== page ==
Life imitates art for Slumdog duo


Danny and Dev in talks over appearance on ‘Who Wants to be a Millionaire?’

OSCAR-winning film director Danny Boyle is hoping to raise charity cash for “slumdog children” in India – by appearing on the real version of Who Wants to be a Millionaire?

Danny, who won eight Oscars and seven Baftas for Slumdog Millionaire, is in talks to appear on the famous ITV gameshow alongside filmstar Dev Patel.

The idea stemmed from Railway Children, a charity based in Sandbach, Cheshire, which protects and cares for real-life street children, just like the movie’s main characters Jamal and Latika.

In the film, Jamal, played by Dev Patel, becomes a contestant on the Indian version of Who Wants to be a Millionaire?

But now Dev and Danny will be aiming to win a real-life £1million jackpot for charity to bring about early intervention for street children and help restore their lives.

Terina Keene, chief executive of Railway Children, revealed that Slumdog’s success has helped to boost awareness of the charity and its work in India where there are around 12 million children living on the streets.

And she explained that Danny and Dev were in talks to appear on a celebrity version of the quiz hosted by Chris Tarrant.

She said: “We have been told that Danny and Dev are keen to keep on giving back to the street kids. This is marvellous news for our charity because we work with children like this on a daily basis.

“We have been in talks with Who Wants to be a Millionaire? and it will be a dream come true if we can make this a reality.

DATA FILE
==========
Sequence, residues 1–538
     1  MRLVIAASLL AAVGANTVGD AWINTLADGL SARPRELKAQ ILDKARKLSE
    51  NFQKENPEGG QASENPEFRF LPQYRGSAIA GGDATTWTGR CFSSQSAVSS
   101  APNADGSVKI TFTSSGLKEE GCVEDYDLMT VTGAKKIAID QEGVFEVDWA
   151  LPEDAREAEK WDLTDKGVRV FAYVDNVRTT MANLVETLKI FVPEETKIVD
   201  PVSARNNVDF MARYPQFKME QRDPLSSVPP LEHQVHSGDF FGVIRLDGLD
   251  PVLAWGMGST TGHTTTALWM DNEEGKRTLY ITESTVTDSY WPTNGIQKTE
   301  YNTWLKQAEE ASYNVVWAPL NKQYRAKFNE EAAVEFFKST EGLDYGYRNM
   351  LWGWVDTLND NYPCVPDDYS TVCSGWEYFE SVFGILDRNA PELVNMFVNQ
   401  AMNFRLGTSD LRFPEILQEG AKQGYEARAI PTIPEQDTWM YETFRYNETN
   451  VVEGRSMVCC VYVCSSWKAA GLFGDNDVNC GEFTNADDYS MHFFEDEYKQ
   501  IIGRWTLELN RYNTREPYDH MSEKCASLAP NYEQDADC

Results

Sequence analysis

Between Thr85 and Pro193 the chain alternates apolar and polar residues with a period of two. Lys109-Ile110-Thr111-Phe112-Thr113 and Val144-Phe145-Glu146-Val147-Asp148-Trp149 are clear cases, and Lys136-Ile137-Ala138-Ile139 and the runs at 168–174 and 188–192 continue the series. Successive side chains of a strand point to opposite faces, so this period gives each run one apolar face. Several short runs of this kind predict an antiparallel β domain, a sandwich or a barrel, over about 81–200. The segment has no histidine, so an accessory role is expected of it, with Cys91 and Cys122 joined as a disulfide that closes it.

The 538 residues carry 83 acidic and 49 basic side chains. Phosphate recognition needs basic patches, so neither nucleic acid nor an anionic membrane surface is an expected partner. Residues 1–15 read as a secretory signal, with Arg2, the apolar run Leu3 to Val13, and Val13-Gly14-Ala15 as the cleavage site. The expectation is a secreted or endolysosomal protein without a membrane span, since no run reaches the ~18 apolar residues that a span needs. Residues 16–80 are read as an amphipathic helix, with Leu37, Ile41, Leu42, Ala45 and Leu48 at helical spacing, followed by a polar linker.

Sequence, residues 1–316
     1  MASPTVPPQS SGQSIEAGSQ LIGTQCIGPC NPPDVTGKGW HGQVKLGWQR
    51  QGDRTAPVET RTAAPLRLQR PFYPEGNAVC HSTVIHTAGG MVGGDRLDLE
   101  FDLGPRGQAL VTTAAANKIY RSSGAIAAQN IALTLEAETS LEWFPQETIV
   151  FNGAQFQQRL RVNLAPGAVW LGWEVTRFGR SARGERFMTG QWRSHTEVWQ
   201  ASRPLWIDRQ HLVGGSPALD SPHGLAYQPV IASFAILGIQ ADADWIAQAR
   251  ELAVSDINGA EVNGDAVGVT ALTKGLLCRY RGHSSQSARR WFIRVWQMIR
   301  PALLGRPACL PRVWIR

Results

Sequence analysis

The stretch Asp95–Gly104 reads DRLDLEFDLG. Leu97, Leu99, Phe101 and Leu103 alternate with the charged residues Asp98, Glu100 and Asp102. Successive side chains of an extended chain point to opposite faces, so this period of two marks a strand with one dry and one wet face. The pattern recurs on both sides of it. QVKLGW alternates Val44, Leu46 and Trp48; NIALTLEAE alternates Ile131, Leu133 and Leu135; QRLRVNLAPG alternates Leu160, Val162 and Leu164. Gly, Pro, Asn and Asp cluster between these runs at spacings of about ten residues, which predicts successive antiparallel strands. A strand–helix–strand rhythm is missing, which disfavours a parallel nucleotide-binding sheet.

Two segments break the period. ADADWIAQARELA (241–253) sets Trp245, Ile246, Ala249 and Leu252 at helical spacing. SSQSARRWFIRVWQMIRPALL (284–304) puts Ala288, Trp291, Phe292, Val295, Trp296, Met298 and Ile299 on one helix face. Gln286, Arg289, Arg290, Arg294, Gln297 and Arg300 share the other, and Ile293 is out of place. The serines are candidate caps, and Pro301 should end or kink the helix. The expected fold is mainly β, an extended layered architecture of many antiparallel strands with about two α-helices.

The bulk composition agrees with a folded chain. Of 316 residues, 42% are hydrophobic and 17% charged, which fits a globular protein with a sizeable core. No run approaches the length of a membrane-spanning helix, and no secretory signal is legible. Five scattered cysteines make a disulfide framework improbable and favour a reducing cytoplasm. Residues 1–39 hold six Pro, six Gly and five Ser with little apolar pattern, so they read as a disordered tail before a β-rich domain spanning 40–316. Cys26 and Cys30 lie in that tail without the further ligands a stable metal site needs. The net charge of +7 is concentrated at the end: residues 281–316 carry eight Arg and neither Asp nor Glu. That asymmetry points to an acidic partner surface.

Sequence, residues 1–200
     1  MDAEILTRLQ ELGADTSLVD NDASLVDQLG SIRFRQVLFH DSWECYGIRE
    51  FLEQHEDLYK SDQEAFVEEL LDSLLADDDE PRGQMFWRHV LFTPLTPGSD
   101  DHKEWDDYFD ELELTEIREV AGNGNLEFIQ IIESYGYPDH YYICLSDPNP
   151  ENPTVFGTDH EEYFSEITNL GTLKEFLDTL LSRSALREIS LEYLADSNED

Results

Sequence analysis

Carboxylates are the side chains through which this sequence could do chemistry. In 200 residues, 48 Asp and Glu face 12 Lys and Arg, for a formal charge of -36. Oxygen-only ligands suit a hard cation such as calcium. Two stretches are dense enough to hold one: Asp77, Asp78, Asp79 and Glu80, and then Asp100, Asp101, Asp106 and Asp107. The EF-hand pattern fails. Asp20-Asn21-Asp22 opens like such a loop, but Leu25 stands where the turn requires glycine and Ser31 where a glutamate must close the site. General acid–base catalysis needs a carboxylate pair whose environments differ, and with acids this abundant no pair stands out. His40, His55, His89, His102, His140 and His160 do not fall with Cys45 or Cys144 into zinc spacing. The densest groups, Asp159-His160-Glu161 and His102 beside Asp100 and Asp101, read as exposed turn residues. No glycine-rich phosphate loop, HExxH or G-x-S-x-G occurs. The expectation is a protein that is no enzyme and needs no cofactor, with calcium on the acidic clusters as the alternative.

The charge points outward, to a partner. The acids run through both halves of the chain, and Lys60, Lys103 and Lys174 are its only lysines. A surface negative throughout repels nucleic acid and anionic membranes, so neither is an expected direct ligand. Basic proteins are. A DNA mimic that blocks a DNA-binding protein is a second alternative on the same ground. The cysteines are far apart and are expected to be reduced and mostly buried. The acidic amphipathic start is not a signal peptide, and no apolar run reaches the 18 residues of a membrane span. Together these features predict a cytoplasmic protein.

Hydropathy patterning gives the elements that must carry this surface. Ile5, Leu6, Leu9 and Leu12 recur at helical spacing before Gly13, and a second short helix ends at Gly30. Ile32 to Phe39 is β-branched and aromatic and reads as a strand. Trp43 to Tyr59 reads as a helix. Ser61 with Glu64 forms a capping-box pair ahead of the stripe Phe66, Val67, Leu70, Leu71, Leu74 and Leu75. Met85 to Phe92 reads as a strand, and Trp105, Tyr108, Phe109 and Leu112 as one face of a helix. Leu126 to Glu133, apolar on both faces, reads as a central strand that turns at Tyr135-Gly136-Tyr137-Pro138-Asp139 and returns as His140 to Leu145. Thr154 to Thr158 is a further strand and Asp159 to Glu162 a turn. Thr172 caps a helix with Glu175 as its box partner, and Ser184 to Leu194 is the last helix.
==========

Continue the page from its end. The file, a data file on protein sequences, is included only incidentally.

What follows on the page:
“Filming depends on when both are available, but we are hoping for this to happen within the next few months. To have Danny and Dev sitting in the Millionaire hot-seat for Railway Children would be brilliant.”

Founder of Railway Children, David Maidment, has praised Danny Boyle for his film’s realistic account of hardship and poverty on the streets of India.

He said: “The success of the film has undoubtedly helped to highlight the shocking and atrocious conditions suffered by street children in India. We just pray that the public will come forward with fundraising ideas, solutions and donations to help these kids.”

David established Railway Children more than 13 years ago after a visit to India that he will never forget.

On business travel in Bombay he became lost and stumbled upon a small filthy girl of about six years of age asking him for money at a railway terminus.

As he had no loose change, he waved her away, when – to his horror and confusion – she produced a whip from behind her back and began to lash her bare body. She again asked for money and now very shaken and upset, he ran away and stopped in a shop doorway to pull himself together.

David said: “I went back – I have no idea what I thought I was going to do – but the girl had disappeared into the morning rush hour crowds.

“As I continued on my way I rationalised what I had seen. The girl, of course, was being abused and exploited by an adult who had instructed her to behave in this way to provoke sympathy and maximise takings.

“If I had given generously, I would merely have demonstrated the effectiveness of the ploy. The girl would have kept nothing but would have been forced to hand over her earnings to the adult “running” her.”

But the girl’s large mournful brown eyes haunted David for weeks until his anger at the injustice drove him to action. He realised the need for outreach on the railway stations as many street children congregate there and he persuaded a number of colleagues in the railway industry to join him in founding a charity called “Railway Children”.

The charity was launched “under the clock” on Waterloo station concourse by Bob Horton, Chairman of Railtrack and Tony Roche, Deputy Chairman of British Rail, on 31st May 1995.

Since that time, Railway Children has grown rapidly, with many projects across India and also worldwide, thanks to the generosity of the rail industry and many other kind individuals.

The organisation is currently supporting more than 15,000 children across the world – including India, UK, Kenya and Tanzania.


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